While it is one of the best ways to build personal wealth, investing your hard-earned money in any market always comes with a risk. However, there are varying degrees to that risk, ranging from low to high. But having a high risk does not mean everyone should avoid it altogether. We know that significant risks can give you a greater reward, especially with aggressive financial instruments such as stocks. Does the idea of losing some of your money send shivers down your spine? Or is the possibility of winning big sound more exciting to you? Where are you in the risk spectrum?
Tolerance for risk
Risk tolerance refers to how much risk one can take. For example, in the world of investing, it is the extent to which an investor can accept the uncertainty of investment returns.
For example, you bought 50 shares of stock worth 10,000 dollars. Since it can be a volatile market, your stock may be valued less than your initial investment one month later. Although you know this scenario is possible, which you have prepared for after assessing your risk tolerance, your next move would also depend on your risk capacity. This time, it is the level of financial impact one can handle.
Are you going to cut further losses by taking out your money because you need to use it for something else? Or will you sit it out for the next few months to see if the market bounces back? The latter will be your option if you have a bigger risk capacity. Your invested money is perhaps a year’s worth of savings that otherwise would just be stashed in your piggy bank or secret repository. So even if you have a high-risk tolerance, it is deemed useless if you don’t have a high-risk capacity.
Basic categories of risk tolerance
Investors will find themselves in one of the following three categories or the middle road of two. Depending on your situation, you may also see yourself progress (or regress) from one category to another. Moreover, financial institutions would often classify their products based on these categories.
Conservative risk tolerance
A conservative investor can only take a minimal risk wherein they stay away from volatility for fear of losing money rather than gamble on the possibility of significant gains. They prefer savings-oriented products and treasury investments geared towards capital preservation rather than risk their funds in potentially high-profit but volatile options.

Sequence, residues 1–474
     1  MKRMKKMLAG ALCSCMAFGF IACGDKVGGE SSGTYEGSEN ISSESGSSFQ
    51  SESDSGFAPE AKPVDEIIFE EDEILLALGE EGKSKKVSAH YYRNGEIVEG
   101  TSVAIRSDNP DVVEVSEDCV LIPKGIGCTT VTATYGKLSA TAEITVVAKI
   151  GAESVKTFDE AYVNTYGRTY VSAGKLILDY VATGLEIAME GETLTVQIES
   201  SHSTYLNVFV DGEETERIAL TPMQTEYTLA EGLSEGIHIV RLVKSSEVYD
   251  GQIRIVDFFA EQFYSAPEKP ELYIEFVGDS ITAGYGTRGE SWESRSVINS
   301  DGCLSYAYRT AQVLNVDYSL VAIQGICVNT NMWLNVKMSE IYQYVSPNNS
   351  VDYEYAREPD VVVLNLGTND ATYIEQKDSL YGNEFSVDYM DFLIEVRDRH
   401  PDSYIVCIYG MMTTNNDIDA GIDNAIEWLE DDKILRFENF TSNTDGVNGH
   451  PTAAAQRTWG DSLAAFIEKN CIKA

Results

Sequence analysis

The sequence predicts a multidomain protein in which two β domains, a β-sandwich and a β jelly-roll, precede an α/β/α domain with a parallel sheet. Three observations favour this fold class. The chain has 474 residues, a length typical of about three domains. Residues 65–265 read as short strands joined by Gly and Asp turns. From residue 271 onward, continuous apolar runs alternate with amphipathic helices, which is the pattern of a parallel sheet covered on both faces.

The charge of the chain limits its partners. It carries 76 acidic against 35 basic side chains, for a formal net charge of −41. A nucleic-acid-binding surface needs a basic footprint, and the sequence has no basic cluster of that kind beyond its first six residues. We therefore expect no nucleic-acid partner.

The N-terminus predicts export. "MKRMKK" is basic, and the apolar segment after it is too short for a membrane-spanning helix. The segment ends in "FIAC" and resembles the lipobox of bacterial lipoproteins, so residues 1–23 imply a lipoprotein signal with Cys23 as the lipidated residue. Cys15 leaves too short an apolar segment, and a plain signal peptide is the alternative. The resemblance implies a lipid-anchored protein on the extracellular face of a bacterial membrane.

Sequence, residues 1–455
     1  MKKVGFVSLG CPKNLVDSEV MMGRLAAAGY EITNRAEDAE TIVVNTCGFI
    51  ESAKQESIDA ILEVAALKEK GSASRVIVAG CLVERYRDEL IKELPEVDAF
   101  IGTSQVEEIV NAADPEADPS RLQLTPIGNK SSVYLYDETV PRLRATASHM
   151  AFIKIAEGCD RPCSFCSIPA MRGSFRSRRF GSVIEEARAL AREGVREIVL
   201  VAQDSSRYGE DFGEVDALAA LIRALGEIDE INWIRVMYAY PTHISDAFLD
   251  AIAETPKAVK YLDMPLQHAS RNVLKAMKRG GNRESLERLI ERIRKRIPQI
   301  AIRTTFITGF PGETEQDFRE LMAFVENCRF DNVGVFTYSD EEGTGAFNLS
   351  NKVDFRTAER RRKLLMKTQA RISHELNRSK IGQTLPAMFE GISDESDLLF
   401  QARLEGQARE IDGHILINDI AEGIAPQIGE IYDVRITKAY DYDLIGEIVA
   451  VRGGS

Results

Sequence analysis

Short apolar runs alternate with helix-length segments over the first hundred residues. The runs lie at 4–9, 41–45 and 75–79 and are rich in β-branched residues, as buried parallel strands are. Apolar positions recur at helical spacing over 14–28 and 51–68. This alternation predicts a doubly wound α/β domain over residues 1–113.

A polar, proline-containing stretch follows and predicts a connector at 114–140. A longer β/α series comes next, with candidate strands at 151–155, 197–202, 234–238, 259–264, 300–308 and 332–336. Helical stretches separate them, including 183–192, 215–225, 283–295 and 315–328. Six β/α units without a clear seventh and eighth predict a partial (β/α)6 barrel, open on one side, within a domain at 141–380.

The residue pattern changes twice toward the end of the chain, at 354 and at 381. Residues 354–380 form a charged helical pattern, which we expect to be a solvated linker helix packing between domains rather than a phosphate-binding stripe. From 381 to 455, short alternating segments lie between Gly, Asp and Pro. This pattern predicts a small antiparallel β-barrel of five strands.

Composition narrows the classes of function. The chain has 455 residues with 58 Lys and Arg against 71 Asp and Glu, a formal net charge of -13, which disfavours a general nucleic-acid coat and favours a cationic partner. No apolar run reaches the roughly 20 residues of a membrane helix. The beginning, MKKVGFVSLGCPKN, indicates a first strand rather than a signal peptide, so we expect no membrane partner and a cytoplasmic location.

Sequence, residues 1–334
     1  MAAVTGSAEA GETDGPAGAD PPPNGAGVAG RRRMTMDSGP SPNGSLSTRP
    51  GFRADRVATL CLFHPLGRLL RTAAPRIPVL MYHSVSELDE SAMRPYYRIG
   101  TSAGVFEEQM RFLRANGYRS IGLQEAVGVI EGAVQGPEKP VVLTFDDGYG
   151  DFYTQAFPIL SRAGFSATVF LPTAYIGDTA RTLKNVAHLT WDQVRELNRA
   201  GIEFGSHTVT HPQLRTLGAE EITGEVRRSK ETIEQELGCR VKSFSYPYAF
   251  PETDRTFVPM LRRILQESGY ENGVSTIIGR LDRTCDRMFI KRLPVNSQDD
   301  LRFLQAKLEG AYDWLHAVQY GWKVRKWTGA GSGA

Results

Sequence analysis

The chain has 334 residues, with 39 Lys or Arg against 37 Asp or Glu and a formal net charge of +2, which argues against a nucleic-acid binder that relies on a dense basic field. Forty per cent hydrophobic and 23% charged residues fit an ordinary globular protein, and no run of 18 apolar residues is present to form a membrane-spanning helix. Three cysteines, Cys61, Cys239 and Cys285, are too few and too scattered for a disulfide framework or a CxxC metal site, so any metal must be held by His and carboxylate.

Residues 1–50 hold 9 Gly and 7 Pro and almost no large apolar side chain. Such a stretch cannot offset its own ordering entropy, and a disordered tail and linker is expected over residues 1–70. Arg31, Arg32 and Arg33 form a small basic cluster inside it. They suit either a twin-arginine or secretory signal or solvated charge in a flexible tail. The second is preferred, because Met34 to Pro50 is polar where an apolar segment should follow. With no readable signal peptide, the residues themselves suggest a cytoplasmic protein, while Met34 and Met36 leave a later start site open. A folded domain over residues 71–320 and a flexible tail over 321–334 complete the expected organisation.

Moderate risk tolerance
This type of risk tolerance is present among investors looking for a healthy mix of financial instruments such as stocks and bonds. Stocks are as risky as they are more rewarding, while bonds are more stable but would have lower returns.
Aggressive risk tolerance
If your investing behavior falls under this category, you are willing to take higher risks in the name of bigger returns. As such, you would invest heavily in stocks despite their volatility. However, you are also aware that you may incur even bigger losses when the investment falls through.
Factors that affect your risk tolerance
To better understand one’s risk tolerance, several factors at play impact your investment strategy. Hence, when looking at the big picture, they can help you balance the risks and returns involved in investing.
First, ask yourself why you are investing your money, when you plan to get it, and what your expectations are profit-wise. If you intend to see your investment through your retirement, long-term financial instruments that give better yield but with higher risks will be a sensible option. When you have nearly reached your goal or timeline and find that you have made good returns, you can always re-strategize by reducing your high-risk investment and giving more importance to preserving what you have already earned.
Age and time frame
Time is an important factor when assessing one’s risk tolerance. For example, if you decide to invest in stocks, it is best to look at them as a long-term investment rather than a get-rich-quick scheme. Historically, those who have the right discipline and patience can earn an average of 10 percent annually from their stock portfolio. Meanwhile, younger investors tend to have higher risk tolerance because they have more time to recover from the dips and lows in the stock market than older clients who might need their money after only a few months or years. Hence, when the market is experiencing lows, such savvy investors don’t react by selling assets at a lower price and instead stick it out patiently until they have reached the stock value they are aiming for.
You may have been initially scared of taking on risky investments, especially if you are a rookie investor with zero knowledge. But, conversely, you have a different risk tolerance if you’ve had prior or ongoing experience in investing. Suppose you have invested in stocks albeit conservatively, for example. In that case, it might influence you to be bolder the next time around and be more willing to increase the amount of your investment because of your exposure and better understanding.
Indeed, not everyone would be willing to take risks despite an investment’s higher yield potential, and they don’t have to be. Ultimately, your goals, age, time frame, and experience will help you determine your investing risk tolerance.